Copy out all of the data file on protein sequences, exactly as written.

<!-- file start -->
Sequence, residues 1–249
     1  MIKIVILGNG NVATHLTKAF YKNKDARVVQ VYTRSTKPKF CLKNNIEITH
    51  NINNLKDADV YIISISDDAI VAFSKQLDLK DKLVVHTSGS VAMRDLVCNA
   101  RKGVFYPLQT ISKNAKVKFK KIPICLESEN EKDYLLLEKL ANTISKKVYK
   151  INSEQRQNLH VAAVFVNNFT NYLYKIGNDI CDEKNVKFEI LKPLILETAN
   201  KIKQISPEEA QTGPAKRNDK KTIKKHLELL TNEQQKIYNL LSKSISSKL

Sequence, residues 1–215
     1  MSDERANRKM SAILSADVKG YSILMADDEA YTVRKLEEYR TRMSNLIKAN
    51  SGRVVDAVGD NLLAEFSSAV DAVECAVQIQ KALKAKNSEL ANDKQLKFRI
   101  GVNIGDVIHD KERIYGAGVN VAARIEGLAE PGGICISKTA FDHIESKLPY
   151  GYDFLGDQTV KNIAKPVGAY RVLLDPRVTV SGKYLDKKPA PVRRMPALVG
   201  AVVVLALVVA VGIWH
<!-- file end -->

Sequence, residues 1–249
     1  MIKIVILGNG NVATHLTKAF YKNKDARVVQ VYTRSTKPKF CLKNNIEITH
    51  NINNLKDADV YIISISDDAI VAFSKQLDLK DKLVVHTSGS VAMRDLVCNA
   101  RKGVFYPLQT ISKNAKVKFK KIPICLESEN EKDYLLLEKL ANTISKKVYK
   151  INSEQRQNLH VAAVFVNNFT NYLYKIGNDI CDEKNVKFEI LKPLILETAN
   201  KIKQISPEEA QTGPAKRNDK KTIKKHLELL TNEQQKIYNL LSKSISSKL

Sequence, residues 1–215
     1  MSDERANRKM SAILSADVKG YSILMADDEA YTVRKLEEYR TRMSNLIKAN
    51  SGRVVDAVGD NLLAEFSSAV DAVECAVQIQ KALKAKNSEL ANDKQLKFRI
   101  GVNIGDVIHD KERIYGAGVN VAARIEGLAE PGGICISKTA FDHIESKLPY
   151  GYDFLGDQTV KNIAKPVGAY RVLLDPRVTV SGKYLDKKPA PVRRMPALVG
   201  AVVVLALVVA VGIWH